WASHINGTON (CIRCA) – A group of students is petitioning George Washington University to change its storied nickname, according to The Washington Post.
The Post on Thursday reported that the students believe that the “Colonials” moniker is too synonymous with colonialism and oppression.
Student Rachel Yakobashvili created a Change.org petition urging GW to adopt a new nickname, with suggested alternatives including the “Hippos” or “Riverhorses.”
“We, as students, faculty, and staff of the George Washington University, believe it is of great exigence that the University changes the official nickname for its affiliates,” the petition states.
“The use of “Colonials,” no matter how innocent the intention, is received as extremely offensive by not only affiliates of the University, but the nation and world at large,” it adds.
“The historically, negatively-charged figure of Colonials has too deep a connection to colonization and glorifies the act of systemic oppression.”
Yakobashvili started the petition two weeks ago, and as of Friday it has amassed 231 of an intended 500 signatures.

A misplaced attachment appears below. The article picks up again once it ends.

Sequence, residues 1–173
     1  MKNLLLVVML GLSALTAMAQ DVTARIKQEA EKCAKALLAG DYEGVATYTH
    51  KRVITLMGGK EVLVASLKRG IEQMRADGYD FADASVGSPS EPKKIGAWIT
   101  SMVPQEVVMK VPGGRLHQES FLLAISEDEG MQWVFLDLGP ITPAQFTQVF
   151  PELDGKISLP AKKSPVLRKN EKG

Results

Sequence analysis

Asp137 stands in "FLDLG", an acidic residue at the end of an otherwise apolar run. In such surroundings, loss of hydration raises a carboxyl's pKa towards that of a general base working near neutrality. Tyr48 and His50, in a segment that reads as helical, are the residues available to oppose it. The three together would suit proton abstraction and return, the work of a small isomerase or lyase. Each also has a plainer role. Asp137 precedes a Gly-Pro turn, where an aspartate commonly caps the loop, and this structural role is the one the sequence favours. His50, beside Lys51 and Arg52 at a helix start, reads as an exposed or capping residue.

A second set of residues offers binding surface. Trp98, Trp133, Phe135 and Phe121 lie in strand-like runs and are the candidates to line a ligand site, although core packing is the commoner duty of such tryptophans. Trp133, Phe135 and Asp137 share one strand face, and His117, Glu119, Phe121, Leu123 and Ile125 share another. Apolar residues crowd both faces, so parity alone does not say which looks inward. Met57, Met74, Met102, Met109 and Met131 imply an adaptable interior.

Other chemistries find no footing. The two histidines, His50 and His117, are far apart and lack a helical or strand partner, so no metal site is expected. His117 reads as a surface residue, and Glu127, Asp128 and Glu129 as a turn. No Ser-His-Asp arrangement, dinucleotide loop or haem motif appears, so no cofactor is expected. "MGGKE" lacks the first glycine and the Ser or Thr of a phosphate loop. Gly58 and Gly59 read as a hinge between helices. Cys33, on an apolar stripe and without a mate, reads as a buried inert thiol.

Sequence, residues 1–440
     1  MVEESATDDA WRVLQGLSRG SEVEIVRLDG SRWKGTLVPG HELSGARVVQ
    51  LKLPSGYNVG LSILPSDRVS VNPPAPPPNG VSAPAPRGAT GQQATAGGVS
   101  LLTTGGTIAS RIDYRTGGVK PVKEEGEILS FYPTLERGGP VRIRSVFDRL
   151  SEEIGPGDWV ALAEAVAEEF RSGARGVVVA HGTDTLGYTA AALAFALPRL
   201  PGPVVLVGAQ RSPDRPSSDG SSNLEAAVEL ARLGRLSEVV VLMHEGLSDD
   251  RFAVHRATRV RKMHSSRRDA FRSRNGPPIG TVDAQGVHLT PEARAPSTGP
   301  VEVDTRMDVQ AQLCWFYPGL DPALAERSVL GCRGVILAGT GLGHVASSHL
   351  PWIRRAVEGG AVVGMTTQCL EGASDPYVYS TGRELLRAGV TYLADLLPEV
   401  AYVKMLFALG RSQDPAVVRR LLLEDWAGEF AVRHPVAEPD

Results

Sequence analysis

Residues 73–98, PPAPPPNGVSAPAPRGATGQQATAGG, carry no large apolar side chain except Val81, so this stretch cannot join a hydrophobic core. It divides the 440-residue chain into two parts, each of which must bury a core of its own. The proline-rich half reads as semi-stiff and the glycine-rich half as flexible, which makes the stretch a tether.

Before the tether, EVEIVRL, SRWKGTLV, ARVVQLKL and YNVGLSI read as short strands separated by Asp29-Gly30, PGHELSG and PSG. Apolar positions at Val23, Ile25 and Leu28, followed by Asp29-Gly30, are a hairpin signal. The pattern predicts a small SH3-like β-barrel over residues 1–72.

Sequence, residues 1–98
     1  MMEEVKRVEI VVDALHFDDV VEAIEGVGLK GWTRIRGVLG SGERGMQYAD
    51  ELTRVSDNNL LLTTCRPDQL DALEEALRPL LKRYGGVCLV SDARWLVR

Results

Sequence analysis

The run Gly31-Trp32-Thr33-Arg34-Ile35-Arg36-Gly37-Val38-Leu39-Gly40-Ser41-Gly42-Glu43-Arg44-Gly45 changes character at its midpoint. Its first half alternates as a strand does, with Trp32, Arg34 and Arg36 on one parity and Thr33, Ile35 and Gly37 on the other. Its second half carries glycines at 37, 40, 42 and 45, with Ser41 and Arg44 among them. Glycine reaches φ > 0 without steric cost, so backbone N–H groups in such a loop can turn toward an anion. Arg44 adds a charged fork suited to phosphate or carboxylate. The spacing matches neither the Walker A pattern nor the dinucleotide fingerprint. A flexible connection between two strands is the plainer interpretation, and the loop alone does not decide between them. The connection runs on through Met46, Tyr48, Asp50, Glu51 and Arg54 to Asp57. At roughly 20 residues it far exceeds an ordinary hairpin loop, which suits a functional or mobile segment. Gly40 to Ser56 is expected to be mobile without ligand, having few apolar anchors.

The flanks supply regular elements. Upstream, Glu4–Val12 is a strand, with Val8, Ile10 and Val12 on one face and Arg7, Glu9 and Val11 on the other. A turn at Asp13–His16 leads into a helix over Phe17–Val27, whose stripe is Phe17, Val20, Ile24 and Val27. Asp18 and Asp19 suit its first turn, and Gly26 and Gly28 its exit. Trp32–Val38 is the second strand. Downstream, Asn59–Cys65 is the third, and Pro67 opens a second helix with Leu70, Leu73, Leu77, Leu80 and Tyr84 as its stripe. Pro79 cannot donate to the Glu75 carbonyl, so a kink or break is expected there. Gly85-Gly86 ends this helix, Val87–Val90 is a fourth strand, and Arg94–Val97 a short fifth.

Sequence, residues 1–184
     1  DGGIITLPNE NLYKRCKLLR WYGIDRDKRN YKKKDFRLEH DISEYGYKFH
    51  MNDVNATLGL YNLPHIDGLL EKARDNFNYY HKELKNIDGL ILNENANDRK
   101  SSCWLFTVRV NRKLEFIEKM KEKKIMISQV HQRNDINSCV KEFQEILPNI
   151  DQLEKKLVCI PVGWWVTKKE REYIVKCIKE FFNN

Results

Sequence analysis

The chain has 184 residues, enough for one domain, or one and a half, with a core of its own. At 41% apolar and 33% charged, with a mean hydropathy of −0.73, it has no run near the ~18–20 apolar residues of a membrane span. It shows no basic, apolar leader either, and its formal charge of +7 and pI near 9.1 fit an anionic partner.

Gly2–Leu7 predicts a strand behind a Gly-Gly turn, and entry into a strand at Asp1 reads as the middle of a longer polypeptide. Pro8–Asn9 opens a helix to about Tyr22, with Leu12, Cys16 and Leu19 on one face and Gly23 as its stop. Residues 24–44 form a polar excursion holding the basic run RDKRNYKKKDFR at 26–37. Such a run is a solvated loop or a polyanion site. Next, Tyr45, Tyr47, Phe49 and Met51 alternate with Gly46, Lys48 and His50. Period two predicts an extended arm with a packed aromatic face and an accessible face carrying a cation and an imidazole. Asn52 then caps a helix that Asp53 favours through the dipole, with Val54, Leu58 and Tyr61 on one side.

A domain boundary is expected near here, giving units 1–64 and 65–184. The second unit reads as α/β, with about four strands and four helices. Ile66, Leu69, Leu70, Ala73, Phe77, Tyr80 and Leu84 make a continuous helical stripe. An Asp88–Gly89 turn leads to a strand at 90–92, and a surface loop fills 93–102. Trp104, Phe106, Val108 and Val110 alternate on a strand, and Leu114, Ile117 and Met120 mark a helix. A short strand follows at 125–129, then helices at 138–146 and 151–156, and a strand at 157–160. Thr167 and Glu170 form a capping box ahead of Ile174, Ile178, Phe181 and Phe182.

GW, which is based in Washington, D.C., adopted the Colonials nickname in 1926, according to the university’s website.
“What name could be more fitting?” an editorial in the GW Hatchet, the school’s newspaper, asked at the time.
“This, the school named after George Washington, and having as its colors the Continental Army buff and blue, the colors of Colonial America, should be entitled to bear the name of “Colonials” if any school is so entitled,” it added.
“Let us then, in just regard for our precious heritage, adopt as the name for the warriors wearing the Buff and Blue the term “Colonials.”
Former GW President Stephen Trachtenberg bought a bronze hippopotamus statue at an antique store in 1996 that has since become associated with the institution.
Trachtenberg donated the sculpture to the school – believing it could use more traditions – and some students now rub its head or put coins in its mouth for good luck.
Many of America’s university campuses in recent years have revisited their names, symbols and statues amid fresh debate over their cultural significance.